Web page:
Story: Konami Kanata
Art: Konami Kanata
Translation/Adaptation: Ed Chavez
What They Say
In the eighth volume of Chi’s Sweet Home, Chi is growing up and now that she has a sense of her new surroundings, the little shorthair is ready to make this new neighborhood her own. With the help of her furry feline friend Cocchi she embarks on some of her more ambitious trips yet.
Being a curious and increasingly self-reliant kitty, priority number one has always been locating food sources. Sometimes achieving this is not very easy or safe for kittens, but lessons have to be learned. What Chi will have to soon find out is that doors are made to be closed. Strolling into random homes, sheds or cars is a big no-no because you may never make it out again. In one such case, Chi gets in; finds what’s she was not looking for; is locked in; and eventually has to face off with a grumpy old human!
Content: (please note that content portions of a review may contain spoilers):
Watching as Chi continues to grow and understand what her world is like, she makes some pretty fun discoveries. And those discoveries are going to prove more and more important to her as she gets out there into the big world. The book opens with one of the best bits yet as she plays with the mother as she dusts the apartment. The duster is definitely an attractive toy to Chi and that gets her to going to some pretty good lengths, and heights, to get her paws on it. What it also leads to is her falling off the stars and over the edge which freaks the mother out of course, but not as much as Chi. For at least a moment as Chi’s natural instincts take over as she twirls and lands on her paws. It’s a great bit of discovery as she realizes what she can do, though it’s not something she can consciously do.
The majority of this book deals with the adventures that Chi has with Cocchi out in the world and the two are definitely something you could call double trouble. Both are adventurous kittens except that Cocchi gets out there a bit more and has more street smarts, but not by much. The things he gets them into are often accidental more than anything else but they hit the right notes. The exploration of different areas leads them into some fun trouble, from digging into a closed in area that lets them play in the dirt to accidentally coming across a big dog that just wants to play with them. It’s utterly adorable as it plays out as the kittens get away into a tree and Chi gets licked big time by the dog. But that’s just the start of things as we get a big moment from Chi as she tries to put to use what she learned back at the apartment.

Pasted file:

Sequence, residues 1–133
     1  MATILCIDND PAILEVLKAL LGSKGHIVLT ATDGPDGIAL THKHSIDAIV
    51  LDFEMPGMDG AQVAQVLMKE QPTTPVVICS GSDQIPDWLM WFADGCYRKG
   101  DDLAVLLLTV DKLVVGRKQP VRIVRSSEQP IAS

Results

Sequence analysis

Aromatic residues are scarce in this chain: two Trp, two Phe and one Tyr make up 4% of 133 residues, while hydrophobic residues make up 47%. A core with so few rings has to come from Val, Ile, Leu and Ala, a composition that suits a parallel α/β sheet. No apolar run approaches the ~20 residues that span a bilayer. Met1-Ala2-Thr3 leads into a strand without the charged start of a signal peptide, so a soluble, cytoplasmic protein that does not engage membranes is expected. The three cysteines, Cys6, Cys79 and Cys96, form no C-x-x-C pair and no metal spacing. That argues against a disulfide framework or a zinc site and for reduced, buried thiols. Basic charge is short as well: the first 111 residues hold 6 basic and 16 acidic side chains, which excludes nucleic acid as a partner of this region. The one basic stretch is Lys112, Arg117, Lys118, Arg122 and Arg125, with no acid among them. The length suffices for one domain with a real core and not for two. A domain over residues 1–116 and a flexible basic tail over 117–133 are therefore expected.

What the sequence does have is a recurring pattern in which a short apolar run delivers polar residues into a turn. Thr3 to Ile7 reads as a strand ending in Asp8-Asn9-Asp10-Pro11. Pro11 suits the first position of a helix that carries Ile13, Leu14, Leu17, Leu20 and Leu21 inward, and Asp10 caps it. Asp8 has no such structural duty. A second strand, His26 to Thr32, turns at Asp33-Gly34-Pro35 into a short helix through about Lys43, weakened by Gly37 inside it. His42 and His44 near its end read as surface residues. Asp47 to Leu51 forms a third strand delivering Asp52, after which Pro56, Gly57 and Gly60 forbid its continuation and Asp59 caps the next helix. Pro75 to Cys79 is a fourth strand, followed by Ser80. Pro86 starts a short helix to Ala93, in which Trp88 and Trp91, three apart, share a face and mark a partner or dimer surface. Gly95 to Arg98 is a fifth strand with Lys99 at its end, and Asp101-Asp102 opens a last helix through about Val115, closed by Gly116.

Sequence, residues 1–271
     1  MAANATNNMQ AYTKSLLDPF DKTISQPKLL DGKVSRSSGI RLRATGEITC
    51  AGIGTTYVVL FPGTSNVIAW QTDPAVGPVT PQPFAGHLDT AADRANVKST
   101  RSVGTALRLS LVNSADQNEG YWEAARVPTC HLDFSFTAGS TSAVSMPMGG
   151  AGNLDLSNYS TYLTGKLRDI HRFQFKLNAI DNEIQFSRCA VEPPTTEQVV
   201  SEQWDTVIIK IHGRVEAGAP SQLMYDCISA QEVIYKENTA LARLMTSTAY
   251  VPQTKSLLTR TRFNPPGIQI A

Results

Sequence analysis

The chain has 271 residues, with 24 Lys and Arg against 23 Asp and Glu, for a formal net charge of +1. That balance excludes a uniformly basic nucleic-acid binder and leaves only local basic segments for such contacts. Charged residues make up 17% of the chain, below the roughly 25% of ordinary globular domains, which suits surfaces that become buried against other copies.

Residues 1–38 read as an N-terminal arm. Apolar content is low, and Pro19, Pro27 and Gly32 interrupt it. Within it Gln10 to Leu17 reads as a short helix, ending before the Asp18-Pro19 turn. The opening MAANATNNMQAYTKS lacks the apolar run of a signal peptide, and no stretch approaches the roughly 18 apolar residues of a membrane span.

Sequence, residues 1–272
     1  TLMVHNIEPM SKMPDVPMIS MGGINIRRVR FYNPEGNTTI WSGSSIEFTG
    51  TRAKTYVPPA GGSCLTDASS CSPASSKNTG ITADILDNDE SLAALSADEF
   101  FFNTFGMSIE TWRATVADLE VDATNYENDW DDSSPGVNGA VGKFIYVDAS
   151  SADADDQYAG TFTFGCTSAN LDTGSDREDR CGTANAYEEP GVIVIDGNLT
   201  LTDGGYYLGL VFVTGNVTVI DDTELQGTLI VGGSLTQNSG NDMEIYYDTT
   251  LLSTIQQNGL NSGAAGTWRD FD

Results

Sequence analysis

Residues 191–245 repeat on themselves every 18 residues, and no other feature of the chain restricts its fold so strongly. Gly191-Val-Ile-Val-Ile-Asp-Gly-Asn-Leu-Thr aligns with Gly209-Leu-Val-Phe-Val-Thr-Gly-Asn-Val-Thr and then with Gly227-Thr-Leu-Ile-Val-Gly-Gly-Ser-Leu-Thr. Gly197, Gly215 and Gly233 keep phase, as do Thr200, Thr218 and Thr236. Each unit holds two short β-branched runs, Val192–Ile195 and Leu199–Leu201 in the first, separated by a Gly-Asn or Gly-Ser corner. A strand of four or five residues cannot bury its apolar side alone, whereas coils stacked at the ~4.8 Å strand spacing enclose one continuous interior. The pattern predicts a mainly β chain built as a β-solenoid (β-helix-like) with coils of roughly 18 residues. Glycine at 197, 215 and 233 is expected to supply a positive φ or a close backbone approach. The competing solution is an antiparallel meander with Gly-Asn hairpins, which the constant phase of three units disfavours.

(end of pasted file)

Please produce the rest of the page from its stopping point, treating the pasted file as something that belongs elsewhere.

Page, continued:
Where it’s interesting is that as Cocchi encourages her on, Chi really pushes back against Cocchi about being called a cat as Chi thinks she’s the same as Yohei and the rest of the family. It’s something that’s not too much of a surprise as we’ve seen her very much a part of the family the whole time and treated like that by everyone. She’s interacted with plenty of other cats, and other animals, but she’s always viewed herself differently. It’s a nice little flavor to things since it goes back to the thing people often say about their pets in that “they’re just like people” with a cute voice. For Chi, she definitely views herself that way, just a different one. But she shows us so many kitty ways here it’s just adorable.
Whether she’s playing catch with frogs, licking some salty potato chips or going after the feather duster, Chi’s the kitten with a lust for life that really works well. Eight volumes in now and she’s just as charming as she was at the first. We still get instances of her dealing with the family as they haven’t been sidelined, but they’re not always a huge part of her day either. With the last move that as done, she’s able to get safely out into the world some and experience it all in a great big way. With a lot of this taking place outdoors and between just Chi and Cocchi, it does push things a little more than previous volumes which spread things out among more of the cast, but it works well to show Chi’s continuing independence and exploration. The book is just a whole lot of fun and continues to be an absolute delight.
Content Grade: A-
Art Grade: A
Packaging Grade: A
Text/Translation Grade: A
Readers Rating: [ratings]
Age Rating: All Ages
Released By: Vertical
Release Date: February 28th, 2012